Sustainable Conduct – Responsibility in Value Creation

Procurement and Supplier Management

The procurement organization supplies the company with raw materials, goods and services all around the world. We exert influence on society and the environment through our procurement activities and supplier relationships. Not only economic, but also ethical, ecological and social principles are therefore anchored in our Procurement Policy, which is binding for all employees worldwide.

Procurement is a corporate function, the head of which reports directly to the Chief Financial Officer. Bayer has a diverse procurement portfolio due to the varying nature of its segments. Procurement acts centrally on behalf of all segments and leverages synergies by pooling know-how and procurement spend.

14.9 billion

Bayer’s procurement spend in 2017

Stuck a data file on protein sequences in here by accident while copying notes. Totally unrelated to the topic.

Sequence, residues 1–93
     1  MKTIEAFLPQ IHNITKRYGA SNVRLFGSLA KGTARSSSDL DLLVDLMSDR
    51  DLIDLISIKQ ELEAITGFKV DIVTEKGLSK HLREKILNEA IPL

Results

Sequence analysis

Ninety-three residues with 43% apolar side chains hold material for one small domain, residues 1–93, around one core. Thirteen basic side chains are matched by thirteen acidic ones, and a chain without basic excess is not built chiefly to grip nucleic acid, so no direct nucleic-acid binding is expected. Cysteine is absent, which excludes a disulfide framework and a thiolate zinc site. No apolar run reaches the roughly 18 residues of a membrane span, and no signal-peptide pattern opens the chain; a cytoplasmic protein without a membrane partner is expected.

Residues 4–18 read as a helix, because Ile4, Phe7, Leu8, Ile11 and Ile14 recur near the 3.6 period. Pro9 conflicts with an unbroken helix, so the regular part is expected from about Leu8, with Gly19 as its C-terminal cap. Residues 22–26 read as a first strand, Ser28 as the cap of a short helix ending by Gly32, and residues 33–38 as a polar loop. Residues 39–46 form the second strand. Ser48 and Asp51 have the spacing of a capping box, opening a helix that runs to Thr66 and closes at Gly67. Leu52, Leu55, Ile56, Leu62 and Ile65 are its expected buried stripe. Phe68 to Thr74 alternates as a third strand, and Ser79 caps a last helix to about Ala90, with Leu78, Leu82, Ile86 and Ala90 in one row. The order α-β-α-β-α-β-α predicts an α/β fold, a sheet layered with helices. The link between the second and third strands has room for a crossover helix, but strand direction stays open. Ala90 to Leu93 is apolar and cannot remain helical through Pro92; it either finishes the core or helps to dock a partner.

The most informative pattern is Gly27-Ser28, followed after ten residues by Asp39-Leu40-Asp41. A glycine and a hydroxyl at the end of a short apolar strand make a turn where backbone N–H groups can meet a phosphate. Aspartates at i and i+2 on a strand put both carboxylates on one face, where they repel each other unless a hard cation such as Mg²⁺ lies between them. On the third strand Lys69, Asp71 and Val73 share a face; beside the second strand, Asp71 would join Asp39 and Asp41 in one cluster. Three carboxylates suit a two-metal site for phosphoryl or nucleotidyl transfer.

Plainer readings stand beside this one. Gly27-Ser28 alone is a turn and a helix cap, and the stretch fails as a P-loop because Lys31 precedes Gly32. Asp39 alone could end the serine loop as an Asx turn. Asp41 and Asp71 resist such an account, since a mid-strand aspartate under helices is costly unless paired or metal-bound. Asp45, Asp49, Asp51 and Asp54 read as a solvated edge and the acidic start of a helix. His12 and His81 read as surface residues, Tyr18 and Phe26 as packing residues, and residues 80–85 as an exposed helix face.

The following table provides key data on our procurement activities.

Procurement Activities

 

 

2016

 

2017

2016 figures restated

Procurement spend in € billion

 

14.8

 

14.9

Spend in OECD countries (mainly Germany and U.S.A.) in € billion

 

12.2

 

12.2

Spend in non-OECD countries (mainly Brazil, India and China) in € billion

 

2.6

 

2.7

Number of suppliers

 

97,270

 

93,330

Number of countries

 

151

 

148

In our supply chain we take account of all types of suppliers and supplier diversity.

Procurement operates according to uniformly established procurement and supplier management processes. Long-term contracts and active supplier management for strategically important goods and services are important elements here. Thus, we not only minimize procurement-specific risks such as supply bottlenecks or significant price fluctuations, but also safeguard the Group’s competitiveness and ensure smooth production processes. Close cooperation with and systematic integration of selected suppliers in innovation processes gives Bayer access to innovative solutions.